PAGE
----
Now it's your turn. You want to continue on up the elevator. You need time and experience. Unless you have a ton of money, you sure as heck can't afford to rent airplanes for a few thousand hours. What to do? You become a flight instructor.

Visit the FAA web site for an FAQ on the privileges and requirements for the Flight Instructor Rating.

Now, what's your main motivation for becoming an instructor? Is it to share your vast knowledge about aviation and how to fly airplanes with new students? Nope, not by a long shot. Your motivation is build time. And, the Flight Instructor rating is the ONLY rating that allows you to sit over there in the right seat while someone else is doing the driving, and log the time as Pilot In Command. And, what's even better, you get paid while you're racking up the hours. Well, you won't get paid much, after all, the people that you're working for understand your motives also. Many an instructor has worked for free, just so he could log the hours.

So, here's your chance to really do something good for yourself, and aviation. If you go this route, and it's almost impossible not to, dedicate yourself to being a really great instructor. I will tell you this: of all of the jobs that I had in aviation, the time that I spent as an instructor was the most rewarding of all. By a long-shot.

Now what? Well, the elevator is there again. Perhaps you want to stay as an instructor. There are places, few and wide apart, where you can continue on as a professional, but it will require a fair amount of time and research to find them.

Well, what does the elevator say for the next floors up?

Folks, here's where it gets a little shaky. You have your Commercial, Multi-Engine, Instrument and Instructor's ratings. All you lack is time- and a sense of direction. This is when you want to start a data base if you have not already done so. Make friends. Make contacts. Stay in touch with people that you fly charters for. Same for your students. Someone out there needs a pilot. You have to go find them. The jobs are there, just not usually posted in the Want Ads. Contacts are everything to a pilot. When I got my job as a corporate pilot, one that I held for 18 years, one that rewarded me greatly, it wasn't because I was the best qualified pilot available. No, it was because I knew the pilot that held the job before I did. And, he was a former student of mine.

What about the airlines?

If the airlines had their way, a new hire would be 20 years old, with a degree, and several thousand hours of "jet time" under his belt. Hmmm, who meets those qualifications? Right, the military jocks. Uncle Sam is the flight school of choice for the airlines. What about you, after all of your effort? You'll need that degree, that's a given. Experience? Lots. How? Perhaps a lot of time flying charters and stuff, but more likely the commuter airline industry.

Commuter Airlines, Third-Level Carriers

Whatever you want to call them, "Delta Express", "Mesaba", "Air Wisconsin" and so on, these are your bridges to the big airlines if you are not a military flier. And they know that they are stepping stones. Most charge for the training that you will receive, allowing you to "work it off" as you stay in their employment. And, knowing what your motivation is, the pay is enough to live on but you'll never get rich. Get enough time in with them, and it's "Big Airline here I come." After that, Fat City.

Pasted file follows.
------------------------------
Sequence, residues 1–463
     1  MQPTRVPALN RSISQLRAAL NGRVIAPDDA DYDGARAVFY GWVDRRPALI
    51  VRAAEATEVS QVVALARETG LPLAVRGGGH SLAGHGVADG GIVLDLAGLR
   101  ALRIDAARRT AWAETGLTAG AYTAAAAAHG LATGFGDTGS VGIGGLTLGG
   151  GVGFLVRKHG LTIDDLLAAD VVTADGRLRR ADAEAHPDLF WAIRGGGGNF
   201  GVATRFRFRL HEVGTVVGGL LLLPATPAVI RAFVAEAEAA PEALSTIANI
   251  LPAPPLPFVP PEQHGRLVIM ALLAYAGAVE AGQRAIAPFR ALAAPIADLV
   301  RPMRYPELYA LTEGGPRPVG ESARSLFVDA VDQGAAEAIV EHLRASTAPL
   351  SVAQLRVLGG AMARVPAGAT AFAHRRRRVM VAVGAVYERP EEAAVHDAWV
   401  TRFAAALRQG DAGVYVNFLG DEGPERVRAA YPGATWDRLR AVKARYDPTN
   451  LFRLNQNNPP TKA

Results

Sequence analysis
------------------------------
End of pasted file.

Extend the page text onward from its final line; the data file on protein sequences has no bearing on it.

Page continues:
Is that it? Is that all there is?

Nope, there's a whole lot more than the airlines when it comes to flying for a living. Personally, I had a chance to go with United Airlines back early in my aviation career. I chose not to because, even though the pay is extraordinary, I just didn't want to be an airborne bus driver. It's not for everyone.

So, what else is there?

Lots, here's just a few:


Corporate operations utilize aircraft just as sophisticated, and in some cases even more so, than the airlines. In many cases the pay is really up there, especially for the Captains. Hey, in flying you gotta pay your dues. In this field, contacts are a major help.

Air ambulance, pipeline, oil rigs (helicopter), charter services, freight, cancelled bank checks, Fed Ex (Airborne, UPS, etc.)

There are many niches out there.

Professional Academies, Universities

This goes back to square one. If you have a degree, take a look at one of the "air academies." You'll spend a lot of money on an intense training syllabus, and walk out a trained, qualified pilot. And, and it's a big "and" they have job placement services.

If you don't have your degree, take a look at Universities like Purdue and the University of North Dakota. They have excellent reputations with the airlines and corporations. You'll walk out with your degree, and all of the necessary ratings. Expensive? Yup, but expeditious.


So there you have it. One person's spin on flying airplanes. My opinion, my errors, my prejudices.

I hope that this has been helpful, and not too discouraging, to you.

This tutorial is available on a CD

This tutorial, along with additional content, is available on a CD. Click here for more information.

Hal Stoen

August, 2001

revised 2/23/2008:

Corrected name of "Airline transport pilot certificate" under the multi-engine heading. (Thanks to Alan Larson for pointing this out.)